6.3 During this process, many bidding BEE companies approached PIC to raise the funding required to purchase the shares.
6.4 In response to our application for funding, PIC advised us (and other BEE companies) that whilst they wanted to fund the Total asset, they could not support one BEE company over another. They were prepared to only engage and fund the preferred bidder. Within this context, the PIC would proceed with the funding process of the deal with the preferred BEE company when Nedbank and the seller announced the successful bidder.
6.5 After Nedbank informed us that we were short-listed, together with another, undisclosed company, I visited the PIC to follow-up on our funding application.
6.6 At that meeting, Dr Matjila informed me that he was not prepared to engage with the different companies that had approached him but would rather engage with the preferred bidder when announced by Nedbank and the Seller.
6.7 Whilst walking me out of that meeting, Dr Matjila informed me he would be meeting with Mr Mulaudzi (who had also come to follow-up on his funding application) and that he was going to give him the same response as he had given me.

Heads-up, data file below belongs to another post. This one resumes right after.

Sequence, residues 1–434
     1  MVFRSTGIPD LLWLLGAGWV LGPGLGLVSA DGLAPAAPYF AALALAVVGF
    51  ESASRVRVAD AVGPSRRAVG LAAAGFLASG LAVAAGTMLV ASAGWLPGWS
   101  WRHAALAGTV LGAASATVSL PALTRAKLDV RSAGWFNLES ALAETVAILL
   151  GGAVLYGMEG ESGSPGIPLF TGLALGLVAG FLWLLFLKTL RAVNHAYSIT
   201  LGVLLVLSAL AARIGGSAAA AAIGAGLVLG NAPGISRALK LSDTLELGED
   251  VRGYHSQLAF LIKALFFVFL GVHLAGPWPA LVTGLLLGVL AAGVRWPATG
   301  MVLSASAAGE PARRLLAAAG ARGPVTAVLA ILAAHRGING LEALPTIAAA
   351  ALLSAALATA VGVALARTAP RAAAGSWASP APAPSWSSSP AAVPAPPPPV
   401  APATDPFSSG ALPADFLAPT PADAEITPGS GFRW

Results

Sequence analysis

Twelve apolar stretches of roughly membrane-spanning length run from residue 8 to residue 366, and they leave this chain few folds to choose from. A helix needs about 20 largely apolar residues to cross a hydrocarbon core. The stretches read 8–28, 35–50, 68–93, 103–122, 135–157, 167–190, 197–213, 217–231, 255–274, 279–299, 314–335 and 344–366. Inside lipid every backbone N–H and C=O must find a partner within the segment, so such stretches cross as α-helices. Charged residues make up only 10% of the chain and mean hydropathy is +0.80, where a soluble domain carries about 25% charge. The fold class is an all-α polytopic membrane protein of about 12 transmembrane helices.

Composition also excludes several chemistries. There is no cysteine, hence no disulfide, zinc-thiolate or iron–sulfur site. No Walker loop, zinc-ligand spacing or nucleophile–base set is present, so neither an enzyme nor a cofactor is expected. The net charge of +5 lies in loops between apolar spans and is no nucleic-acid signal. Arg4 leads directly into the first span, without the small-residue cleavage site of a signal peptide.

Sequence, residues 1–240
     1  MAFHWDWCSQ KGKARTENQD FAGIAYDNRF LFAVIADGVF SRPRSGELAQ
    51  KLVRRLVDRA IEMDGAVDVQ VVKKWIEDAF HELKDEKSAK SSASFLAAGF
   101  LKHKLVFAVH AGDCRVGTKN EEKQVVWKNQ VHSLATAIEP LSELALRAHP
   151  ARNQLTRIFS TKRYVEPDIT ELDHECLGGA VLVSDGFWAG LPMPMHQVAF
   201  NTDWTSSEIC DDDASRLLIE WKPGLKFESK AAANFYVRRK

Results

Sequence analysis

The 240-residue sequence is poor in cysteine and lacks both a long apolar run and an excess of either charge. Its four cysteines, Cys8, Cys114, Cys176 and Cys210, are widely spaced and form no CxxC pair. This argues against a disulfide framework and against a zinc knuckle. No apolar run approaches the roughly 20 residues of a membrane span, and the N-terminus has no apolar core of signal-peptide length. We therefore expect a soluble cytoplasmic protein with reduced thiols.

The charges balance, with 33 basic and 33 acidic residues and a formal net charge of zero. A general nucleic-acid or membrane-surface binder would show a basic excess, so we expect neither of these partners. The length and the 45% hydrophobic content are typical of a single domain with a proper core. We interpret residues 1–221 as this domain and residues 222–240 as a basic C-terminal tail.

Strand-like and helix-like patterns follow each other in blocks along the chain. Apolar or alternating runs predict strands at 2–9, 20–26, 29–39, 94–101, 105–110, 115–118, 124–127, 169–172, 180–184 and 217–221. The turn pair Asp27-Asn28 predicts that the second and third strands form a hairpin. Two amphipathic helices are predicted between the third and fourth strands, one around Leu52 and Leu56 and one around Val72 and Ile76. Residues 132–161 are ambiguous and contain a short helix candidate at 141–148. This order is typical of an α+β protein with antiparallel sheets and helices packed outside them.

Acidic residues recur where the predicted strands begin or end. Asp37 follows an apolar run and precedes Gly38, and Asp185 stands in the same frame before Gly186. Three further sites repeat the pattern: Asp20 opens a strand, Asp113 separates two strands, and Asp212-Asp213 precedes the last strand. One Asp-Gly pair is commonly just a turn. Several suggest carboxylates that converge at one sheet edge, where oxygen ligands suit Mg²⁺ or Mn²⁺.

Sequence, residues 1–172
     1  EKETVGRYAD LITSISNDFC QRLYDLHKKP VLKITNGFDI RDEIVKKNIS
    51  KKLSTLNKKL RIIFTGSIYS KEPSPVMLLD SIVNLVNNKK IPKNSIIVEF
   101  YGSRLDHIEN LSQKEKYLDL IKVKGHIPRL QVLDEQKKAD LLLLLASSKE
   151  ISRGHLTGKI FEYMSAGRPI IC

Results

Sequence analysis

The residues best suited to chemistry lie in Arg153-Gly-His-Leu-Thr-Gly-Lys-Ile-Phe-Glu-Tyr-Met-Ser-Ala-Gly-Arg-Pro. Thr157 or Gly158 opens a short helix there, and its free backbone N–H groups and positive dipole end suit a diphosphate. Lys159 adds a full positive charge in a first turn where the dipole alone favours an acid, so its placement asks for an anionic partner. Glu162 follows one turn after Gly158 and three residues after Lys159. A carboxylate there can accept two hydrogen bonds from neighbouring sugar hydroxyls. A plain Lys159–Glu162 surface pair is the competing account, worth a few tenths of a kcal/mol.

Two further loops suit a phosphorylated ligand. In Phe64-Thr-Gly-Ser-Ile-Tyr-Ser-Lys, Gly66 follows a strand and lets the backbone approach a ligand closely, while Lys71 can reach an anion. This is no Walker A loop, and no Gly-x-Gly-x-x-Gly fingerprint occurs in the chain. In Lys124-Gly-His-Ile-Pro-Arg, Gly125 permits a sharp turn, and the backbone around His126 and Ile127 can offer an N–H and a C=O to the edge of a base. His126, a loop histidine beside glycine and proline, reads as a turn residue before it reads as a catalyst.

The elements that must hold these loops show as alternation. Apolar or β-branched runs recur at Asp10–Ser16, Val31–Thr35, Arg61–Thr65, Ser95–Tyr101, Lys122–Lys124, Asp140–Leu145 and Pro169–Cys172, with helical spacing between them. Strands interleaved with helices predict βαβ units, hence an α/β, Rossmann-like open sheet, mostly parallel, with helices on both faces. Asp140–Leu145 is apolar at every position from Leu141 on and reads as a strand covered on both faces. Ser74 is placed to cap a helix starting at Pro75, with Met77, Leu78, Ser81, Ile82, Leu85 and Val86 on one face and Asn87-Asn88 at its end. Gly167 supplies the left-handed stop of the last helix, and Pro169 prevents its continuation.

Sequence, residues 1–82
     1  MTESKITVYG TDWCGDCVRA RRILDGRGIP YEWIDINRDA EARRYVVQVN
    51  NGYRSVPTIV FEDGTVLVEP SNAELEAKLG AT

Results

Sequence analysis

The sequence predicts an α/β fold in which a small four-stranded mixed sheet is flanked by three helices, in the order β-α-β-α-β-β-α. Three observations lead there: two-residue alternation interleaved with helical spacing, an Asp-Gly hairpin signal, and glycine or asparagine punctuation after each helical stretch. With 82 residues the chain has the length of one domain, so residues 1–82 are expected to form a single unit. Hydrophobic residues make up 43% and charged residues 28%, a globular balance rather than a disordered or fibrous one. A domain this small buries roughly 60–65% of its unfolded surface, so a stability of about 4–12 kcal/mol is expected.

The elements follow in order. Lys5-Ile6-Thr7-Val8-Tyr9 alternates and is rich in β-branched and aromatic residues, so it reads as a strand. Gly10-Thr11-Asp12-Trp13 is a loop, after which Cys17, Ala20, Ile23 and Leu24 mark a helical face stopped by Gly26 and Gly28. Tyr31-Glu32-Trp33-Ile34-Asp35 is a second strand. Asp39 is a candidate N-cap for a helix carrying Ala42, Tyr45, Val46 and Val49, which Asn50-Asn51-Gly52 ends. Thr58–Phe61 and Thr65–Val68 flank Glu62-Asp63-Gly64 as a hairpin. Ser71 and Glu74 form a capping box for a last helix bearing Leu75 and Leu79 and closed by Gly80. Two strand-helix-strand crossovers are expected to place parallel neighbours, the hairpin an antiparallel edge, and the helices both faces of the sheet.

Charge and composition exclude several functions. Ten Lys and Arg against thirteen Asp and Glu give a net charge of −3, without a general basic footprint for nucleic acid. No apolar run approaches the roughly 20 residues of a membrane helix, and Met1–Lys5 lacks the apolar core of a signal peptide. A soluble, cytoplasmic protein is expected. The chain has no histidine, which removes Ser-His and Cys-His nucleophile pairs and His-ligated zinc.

6.8 I then proceeded to follow Dr Matjila to the boardroom to meet Mr Mulaudzi where he repeated what he had told me to Mr Mulaudzi – that PIC will only engage with the winning bidder as opposed to competing prospective buyers.
6.9 When Dr Matjila left the boardroom shortly thereafter, Kilicap and us realised that we were in fact the two shortlisted bidders and that if we both wanted to win the bid, we should form one consortium as opposed to competing separately.
6.10 For commercial reasons, and in order to have a win-win situation, we both agreed to merge the two consortiums and have 50% share each in the merged consortium. After we agreed to merge the consortiums, we then approached Nedbank to ask if it would be acceptable to Nedbank and the Sellers to merge the consortiums.
6.11 After Nedbank and the Sellers gave permission for us to merge the consortiums, we visited PIC to advise them that there were no longer two shortlisted bidders but instead one merged consortium representing both Kilicap and Sakhumnotho. By agreeing to merge our consortiums we also solved our funding problem as there was now one preferred bidder for the PIC to engage with.
7. Based on these facts, it is disingenuous and factually incorrect to make the unfounded allegation that Sakhumnotho was imposed on Kilicap by Dr Matjila. Sakhumnotho therefore vehemently denies this allegation contained in the Sunday Times article.